I have always dismissed whey protein – you know, you’ve seen those pyramids of canisters of the stuff in the windows of shops selling supplements – as a way to take money off body builders. However, recent research suggests that it helpful for people wanting to lose weight.
Whey protein is the protein contained in whey, the watery portion of milk that separates from the curds when making cheese. It is rich in amino acids and is rapidly absorbed by the body – which is why body builders like to slug it back after work outs. Whey protein has one of the highest protein digestibility-corrected amino acid scores (PDCAAS, a measure of protein bioavailability) and is more rapidly digested than other proteins, such as casein (another milk protein).
A 2009 University of Maastricht study found that it can help people maintain weight loss after a very low-calorie diet and performed much better than maltodextrin (incidentally, the main ingredient in Sensa) These results show that low-fat, high-casein or whey protein weight maintenance diets are more effective for weight control than low-fat, HC diets.
And this year, researchers concluded that consumption of a breakfast yoghurt drink with added whey or alpha-lac increased energy expenditure, protein balance and decreased fat balance compared with a NP breakfast. The alpha-lac-enriched yogurt drink suppressed hunger and the desire to eat more than the whey-enriched yogurt drink.
According to an interim report from the US Dept of Agriculture, there is a significant benefit of dietary protein supplementation with respect to body weight and fat, by preserving lean body mass and promoting fat loss. Protein intake also improves insulin response. These results suggest that dietary protein is associated with improving body composition and that whey protein may help improve some risk factors for chronic diseases. This all seemed very impressive until I discovered that the US Whey Protein Research Consortium provided funding for the study.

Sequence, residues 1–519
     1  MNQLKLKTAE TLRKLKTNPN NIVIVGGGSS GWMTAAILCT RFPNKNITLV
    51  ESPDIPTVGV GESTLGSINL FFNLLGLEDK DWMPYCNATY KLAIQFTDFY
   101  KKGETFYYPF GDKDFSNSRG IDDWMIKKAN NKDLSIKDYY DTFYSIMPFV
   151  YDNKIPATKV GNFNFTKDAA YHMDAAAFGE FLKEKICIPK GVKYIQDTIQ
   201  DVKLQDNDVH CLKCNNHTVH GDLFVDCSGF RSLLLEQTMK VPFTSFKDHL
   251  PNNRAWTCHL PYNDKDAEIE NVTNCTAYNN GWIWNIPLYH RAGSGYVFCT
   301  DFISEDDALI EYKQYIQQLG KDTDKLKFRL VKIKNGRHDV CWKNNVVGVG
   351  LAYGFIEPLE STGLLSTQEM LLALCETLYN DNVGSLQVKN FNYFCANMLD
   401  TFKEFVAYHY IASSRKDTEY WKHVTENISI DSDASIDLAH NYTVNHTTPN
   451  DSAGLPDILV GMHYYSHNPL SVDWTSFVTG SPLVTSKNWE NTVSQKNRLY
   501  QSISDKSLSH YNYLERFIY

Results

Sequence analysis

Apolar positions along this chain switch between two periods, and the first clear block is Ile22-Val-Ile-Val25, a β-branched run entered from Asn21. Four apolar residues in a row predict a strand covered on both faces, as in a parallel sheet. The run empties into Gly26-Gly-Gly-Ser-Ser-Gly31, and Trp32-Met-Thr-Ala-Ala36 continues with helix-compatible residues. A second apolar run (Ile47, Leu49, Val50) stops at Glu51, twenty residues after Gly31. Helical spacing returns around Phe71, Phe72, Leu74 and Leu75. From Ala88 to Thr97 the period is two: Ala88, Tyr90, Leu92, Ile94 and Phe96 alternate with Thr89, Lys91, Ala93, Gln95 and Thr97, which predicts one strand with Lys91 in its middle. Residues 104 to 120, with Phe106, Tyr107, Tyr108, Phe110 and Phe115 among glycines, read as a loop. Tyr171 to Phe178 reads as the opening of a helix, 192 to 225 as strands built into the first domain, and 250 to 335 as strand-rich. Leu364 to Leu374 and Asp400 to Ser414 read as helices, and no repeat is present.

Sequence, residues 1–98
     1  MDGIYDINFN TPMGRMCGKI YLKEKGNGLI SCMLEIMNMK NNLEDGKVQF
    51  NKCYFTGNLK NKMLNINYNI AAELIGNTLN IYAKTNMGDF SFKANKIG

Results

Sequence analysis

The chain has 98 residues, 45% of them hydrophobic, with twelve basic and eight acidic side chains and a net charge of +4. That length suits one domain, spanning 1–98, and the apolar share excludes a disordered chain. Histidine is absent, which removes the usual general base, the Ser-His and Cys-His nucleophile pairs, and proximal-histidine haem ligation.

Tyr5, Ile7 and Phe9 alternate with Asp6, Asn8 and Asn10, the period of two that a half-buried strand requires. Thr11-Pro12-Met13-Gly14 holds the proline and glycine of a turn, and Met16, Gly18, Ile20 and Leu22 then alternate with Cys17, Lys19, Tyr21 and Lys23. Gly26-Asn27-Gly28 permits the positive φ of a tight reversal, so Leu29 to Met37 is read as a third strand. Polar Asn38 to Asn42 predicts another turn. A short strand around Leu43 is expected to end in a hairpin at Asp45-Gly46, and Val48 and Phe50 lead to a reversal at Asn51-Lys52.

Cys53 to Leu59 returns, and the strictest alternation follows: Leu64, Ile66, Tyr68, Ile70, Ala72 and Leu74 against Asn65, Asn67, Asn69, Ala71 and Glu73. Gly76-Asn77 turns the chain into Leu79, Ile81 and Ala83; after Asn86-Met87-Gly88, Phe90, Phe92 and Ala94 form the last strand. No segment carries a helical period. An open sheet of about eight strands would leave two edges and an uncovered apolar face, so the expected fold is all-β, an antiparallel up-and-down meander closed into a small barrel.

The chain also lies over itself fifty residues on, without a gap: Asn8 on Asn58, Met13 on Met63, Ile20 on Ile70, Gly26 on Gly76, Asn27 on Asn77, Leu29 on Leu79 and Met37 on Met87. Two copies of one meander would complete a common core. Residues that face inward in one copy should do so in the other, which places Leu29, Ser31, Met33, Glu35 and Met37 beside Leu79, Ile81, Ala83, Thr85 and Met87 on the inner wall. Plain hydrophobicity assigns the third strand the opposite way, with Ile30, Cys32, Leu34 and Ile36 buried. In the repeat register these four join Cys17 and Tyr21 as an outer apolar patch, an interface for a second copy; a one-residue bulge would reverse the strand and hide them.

Having said all this, whey protein supplements are not the way to go (pun intended) for normal folks who are not either coming off a severely calorie restricted diet or are obsessively pumping iron. People who do not include dairy foods in their diets do not consume whey protein. However, the amino acids in whey protein are available from other sources, and a deficiency of these amino acids is unlikely. In fact, most Americans consume too much, rather than too little, protein.
Some benefits of whey protein have been demonstrated with as little as 20 grams per day. For athletes in training a commonly used amount is 25 grams of whey protein per day, and shouldn’t exceed 1.2 grams per 2.2 pounds body weight. Most clinical research has used similar amounts of whey protein (source)